Family Law Blog: Trial Court Properly Refused to Set Aside Divorce Decree

Case: Parviz Jahangirizadeh v. Fatemeh Pazouki

by Mike Kohlhaas, Bingham Greenebaum Doll

HELD: Trial court properly refused to set aside divorce decree, six years after it was issued, based upon allegations by Husband that Wife failed to disclose marital assets.

FACTS AND PROCEDURAL HISTORY:
Wife filed for dissolution in 2007. Prior to a final hearing, Wife filed a financial declaration listing various assets. In 2008, the trial court issued a decree that divided the marital estate, and required a property equalization payment from Husband, to Wife, in the amount of approximately $57,000.

Six years later, in 2014, Husband filed a motion to set aside the Decree. The motion alleged that, a month after the Decree was issued, Wife opened a bank account with an initial deposit of $50,000, which Husband reasoned could not have been done without Wife failing to disclose all of her assets in her financial declaration.

Wife moved to dismiss, arguing that the motion to set aside was untimely under Trial Rule 60(B)(3). The trial court agreed, and dismissed Husband’s petition with prejudice. Husband then filed a motion to reconsider, which referenced recent litigation in a California court between Wife and her brother, in which the California order concluded that Wife “was not a credible witness and lied on the witness stand….”

The trial court denied Husband’s motion to reconsider, from which Husband appealed.

The Court of Appeals reviewed Trial Rule 60(B)(3),  noting that a motion based upon fraud generally needs to be filed within one year, but there is also a “savings clause” that gives the court the authority to entertain an independent action arising from fraud after a year has passed.

Reviewing all of Husband’s options with regard to his fraud assertion, the Court of Appeals concluded that, assuming all of Husband’s assertions to be true, at most, Wife had engaged in “ordinary” fraud by not disclosing all of her assets. Only extraordinarily egregious cases of fraud (e.g., a showing of intentional misconduct, a direct assault on the integrity of the judicial process, etc.) allow a party to circumvent the one-year time limitation that generally applies to Trial Rule 60(B)(3).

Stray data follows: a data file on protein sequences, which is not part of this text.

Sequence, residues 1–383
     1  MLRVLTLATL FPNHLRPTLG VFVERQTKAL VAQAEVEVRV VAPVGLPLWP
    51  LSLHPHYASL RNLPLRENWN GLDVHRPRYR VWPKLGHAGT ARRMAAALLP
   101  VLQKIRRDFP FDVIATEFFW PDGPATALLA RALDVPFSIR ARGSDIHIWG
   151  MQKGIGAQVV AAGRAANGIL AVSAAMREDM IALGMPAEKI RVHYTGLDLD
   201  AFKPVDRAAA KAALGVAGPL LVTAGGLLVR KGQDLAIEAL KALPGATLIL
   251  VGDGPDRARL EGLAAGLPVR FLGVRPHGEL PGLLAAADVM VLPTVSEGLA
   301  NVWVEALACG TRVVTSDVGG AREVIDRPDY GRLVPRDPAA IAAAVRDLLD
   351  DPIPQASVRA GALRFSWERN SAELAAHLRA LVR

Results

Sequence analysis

The trial court’s denial of Husband’s motion to set aside the Decree was affirmed.

To view the text of this opinion in its entirety, click here: Parviz Jahangirizadeh v. Fatemeh Pazouki

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James A. Reed and Michael R. Kohlhaas of Bingham Greenebaum Doll represent clients in a wide spectrum of relationship transition and wealth planning matters, including premarital agreements, estate planning, cohabitation, separation, divorce (especially involving high net worth individuals and/or complex asset issues), custody, parenting arrangements, adoption, and domestic partnerships. Bingham Greenebaum Doll, a multidisciplinary law firm serving regional, national, and international clients, is the fourth-largest law firm in Indiana. The firm’s main practices include corporate, property, litigation, labor, government law, and personal services law. Visit the firm’s website at www.bgdlegal.com.

ICLEF • Indiana Continuing Legal Education Forum, Indianapolis, IN

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I.P. Blog: How Should I Protect My Intellectual Property

By: Paul B. Overhauser Publisher: Indiana Intellectual Property Law News

Different types of intellectual property are protected by different means.

In the United States, patents may be available to any person who “invents or discovers any new and useful process, machine, manufacture, or composition of matter, or any new and useful improvement thereof.” Patent protection must be sought by application with the U.S. Patent and Trademark Office (“USPTO”). There are three types of patents:

Utility patents may be granted to anyone who invents or discovers any new and useful process, machine, article of manufacture, or composition of matter, or any new and useful improvement thereof;

Design patents may be granted to anyone who invents a new, original, and ornamental design for an article of manufacture; and

Plant patents may be granted to anyone who invents or discovers and asexually reproduces any distinct and new variety of plant.

More information on patents is available here: USPTO’s patent process website.

Trademarks protect words, names, symbols, sounds, or colors that distinguish goods and services from those manufactured or sold by others and to indicate the source of the goods. Registration with the USPTO is not required, but does provide certain advantages. More information on trademarks is available here:

Online IPR Tutorial (Module 3)

USPTO’s trademark process website

Copyrights protect original works of authorship, including literary, dramatic, musical, artistic and certain other works, both published and unpublished. In the United States, the U.S. Copyright Office handles copyright registration that, although not required for protection, does confer advantages. More information on copyrights is available here: